Alpha Sherpa Backpack

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CEO Heather Campbell-Dewar was inspired to design and manufacture the Baby Sherpa line when she couldn’t find a technical diaper back pack to fit the needs of her active parenting.   She created a hybrid baby diaper bag and sport back pack to serve as a solution to all the baby gear parents need to haul around.

The multi-purpose backpacks are ergonomically designed and functional for active moms and dads to use daily and or as they travel.   The newest member of the Baby Sherpa family is the Alpha Sherpa Backpack.

Baby backpacks are gaining popularity, from movie stars to the suburbs, and the latest addition, the Alpha Sherpa Backpack, is state of the art. It has the same features as the original Baby Sherpa Diaper Backpack with the addition of an integrated padded lap top sleeve to carry a 14 inch lap top computer or other delicate mobile device.

Five cool features of the Alpha Sherpa Backpack include:

  • A spacious soft sided cooler to hold lunch and snacks, baby changing matt and insulted baby bottle holder
  • A parent pack which includes abundant storage, loops and carabineers, key/camera leeches and a water bottle holder
  • Padded interior pocket for video camera or other fragile hand held devices
  • 10 pockets for accessories and personal items
  • Padded Laptop back to hold most 14 inch computers


 


This innovative and empathetic company understands the demands of parenting and has designed the award winning backpacks with active parents in mind.  Sherpa’s most versatile backpack, Alpha Sherpa Backpack, will take mom or dad from the grocery store to the ski slopes.  The newest member of the Baby Sherpa family, multipurpose Alpha Sherpa Backpack is now available.  Available online for $109 at www.babysherpa.com.


Gadget: SteadePod Review, a Stabilizer for Cameras

The SteadePod is a small plastic device a little smaller than a pack of cigarettes.  It screws into your tripod mount, from the bottom of the unit comes a thin flexible steel cable with a plastic tab about 2.5 inches long.  After you have extended the cable,  stepped on the tab at the end of the cable with your foot, and locked the cable feed mechanism, you pull up slightly on the camera and the power of this little device is revealed.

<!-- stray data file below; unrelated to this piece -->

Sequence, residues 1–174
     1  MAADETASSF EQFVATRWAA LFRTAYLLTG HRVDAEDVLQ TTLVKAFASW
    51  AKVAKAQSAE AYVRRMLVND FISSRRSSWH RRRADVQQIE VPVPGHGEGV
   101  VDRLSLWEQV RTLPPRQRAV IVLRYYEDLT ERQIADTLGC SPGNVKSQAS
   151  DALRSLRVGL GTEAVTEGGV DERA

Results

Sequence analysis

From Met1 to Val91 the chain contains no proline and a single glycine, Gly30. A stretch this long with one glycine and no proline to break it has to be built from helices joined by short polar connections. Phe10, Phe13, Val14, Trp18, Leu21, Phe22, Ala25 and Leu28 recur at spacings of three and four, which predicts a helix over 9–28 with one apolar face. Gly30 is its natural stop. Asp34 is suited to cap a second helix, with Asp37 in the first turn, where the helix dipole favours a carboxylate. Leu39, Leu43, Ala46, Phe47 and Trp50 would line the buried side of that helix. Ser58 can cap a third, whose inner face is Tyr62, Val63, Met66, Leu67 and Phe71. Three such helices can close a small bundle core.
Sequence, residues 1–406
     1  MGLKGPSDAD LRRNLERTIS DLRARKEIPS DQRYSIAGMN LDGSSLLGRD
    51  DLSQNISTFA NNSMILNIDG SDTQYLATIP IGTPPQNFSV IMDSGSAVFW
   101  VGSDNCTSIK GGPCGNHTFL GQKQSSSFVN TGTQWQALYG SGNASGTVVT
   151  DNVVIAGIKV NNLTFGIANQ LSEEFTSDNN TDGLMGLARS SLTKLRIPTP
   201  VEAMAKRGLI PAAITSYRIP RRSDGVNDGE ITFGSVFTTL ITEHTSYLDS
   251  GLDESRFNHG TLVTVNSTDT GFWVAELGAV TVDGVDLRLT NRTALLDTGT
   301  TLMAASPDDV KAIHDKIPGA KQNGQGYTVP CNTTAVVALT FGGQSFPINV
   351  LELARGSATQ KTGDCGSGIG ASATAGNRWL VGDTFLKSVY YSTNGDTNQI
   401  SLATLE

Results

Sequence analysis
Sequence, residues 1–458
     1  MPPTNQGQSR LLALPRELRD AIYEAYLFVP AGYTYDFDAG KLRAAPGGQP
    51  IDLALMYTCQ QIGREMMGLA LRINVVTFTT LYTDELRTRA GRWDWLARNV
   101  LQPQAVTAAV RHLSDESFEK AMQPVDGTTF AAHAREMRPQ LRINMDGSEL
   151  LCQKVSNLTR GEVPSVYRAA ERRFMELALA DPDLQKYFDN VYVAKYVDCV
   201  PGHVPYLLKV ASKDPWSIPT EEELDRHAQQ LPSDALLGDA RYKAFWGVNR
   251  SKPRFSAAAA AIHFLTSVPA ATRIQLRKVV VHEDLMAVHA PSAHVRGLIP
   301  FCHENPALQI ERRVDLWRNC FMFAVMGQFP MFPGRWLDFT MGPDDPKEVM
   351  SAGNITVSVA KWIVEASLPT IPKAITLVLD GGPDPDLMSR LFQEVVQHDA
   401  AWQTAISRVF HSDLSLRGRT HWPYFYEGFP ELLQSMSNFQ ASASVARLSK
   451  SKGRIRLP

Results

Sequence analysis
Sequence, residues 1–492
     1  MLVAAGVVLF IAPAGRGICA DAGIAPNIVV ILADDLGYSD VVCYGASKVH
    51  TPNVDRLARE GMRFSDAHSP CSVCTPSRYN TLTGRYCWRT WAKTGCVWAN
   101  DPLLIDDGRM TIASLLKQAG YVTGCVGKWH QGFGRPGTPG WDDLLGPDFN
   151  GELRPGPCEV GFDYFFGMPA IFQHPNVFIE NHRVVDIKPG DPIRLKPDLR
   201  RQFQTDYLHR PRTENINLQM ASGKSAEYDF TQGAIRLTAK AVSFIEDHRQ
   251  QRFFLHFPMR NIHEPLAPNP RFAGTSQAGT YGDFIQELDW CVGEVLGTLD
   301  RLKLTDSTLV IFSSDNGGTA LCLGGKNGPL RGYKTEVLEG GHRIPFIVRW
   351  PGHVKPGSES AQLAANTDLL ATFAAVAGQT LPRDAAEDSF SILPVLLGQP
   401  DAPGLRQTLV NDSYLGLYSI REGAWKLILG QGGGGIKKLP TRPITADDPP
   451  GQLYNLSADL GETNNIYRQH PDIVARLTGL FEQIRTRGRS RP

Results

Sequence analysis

SteadePod Camera Stabilizer

Just a small amount of upward pressure does miracles for camera stability.  I've tried it on a Canon G11 compact and a D200 with excellent results.  I've also connected the SteadePod to the tripod socket on a 70-200mm Nikon 2.8 VR zoom with some success.  When your done you retract the cable into the unit and move to your next shot.

The key feature of the SteadePod is it's size and that it can ride along in your camera bag or vest pocket, when taking a tripod or mono-pod might be impossible.  Not just because you might not want to carry the weight many locations won't allow you to setup a tripod.

Below is a photo taken inside St. Peters Basilica in Rome Italy.  The photo was taken at ISO 400, f2.8, 1/13 of a second with a Canon G11.  I could have increased the ISO sensitivity and stepped up the shutter-speed, but that would have added noise to the photo.  With the SteadePod attached I was able to handhold this shot with no problem.

St Peters Rome Italy - shot using a SteadePod


Below is an area enlargement with some software based image enhancement.  As you can see the image is very good for hand held at 1/13 of a second.


Below is an image taken of me taking the above photo with the SteadePod attached.  Image taken with a Nikon point and shoot with flash.

Using the SteadePod Camera Stabilizer in St Peters, Rome Italy


I like the SteadePod.  More details at the Steadepod.com site and here is a link to a YouTube video.  But another another home-grown option can be considered. In this article you can read about making it yourself using an eye bolt and some rope.

The folks at SteadePod sent me the unit I've been using at no charge.  Below you can buy the SteadePod, or an impressive Canon G11 like mine.  You support this site by using the Amazon.com ad/link below. Thanks, Bruce.

   

Travel Gadget Review: Driving Gloves from Bionic Gloves

Driving Gloves from Bionic Gloves

Six months ago Bionic Gloves sent me a pair of their driving gloves to review and write about.  Bionic's parent company is famous for making the world famous Louisville Slugger baseball bat and ball gloves.  I never thought I needed driving gloves for my travels but I'm surprised how much I have used them. 

They came in really handy driving in snow and heavy fog in the mountains near Lake Arrowhead California.  During a long trip across the desert to Las Vegas Nevada.  I also used these driving gloves for several other extended drives.

I'm not sure what the effect is, but they feel really good.  Better than just wearing a pair of standard gloves.  As you can see in the photo the palm and fingers are not just flat pieces of leather.  Bionic Gloves calls these "anatomical relief pads" that help reduce hand fatigue and improve comfort.  And I agree that they do help a lot.  These gloves also protect your hands from sun exposure and provide an increased grip on the wheel.

You can find more information on the Bionic Gloves website www.BionicGloves.com .  A good video on the site describes the technology behind these gloves.  They are also known for their golf gloves.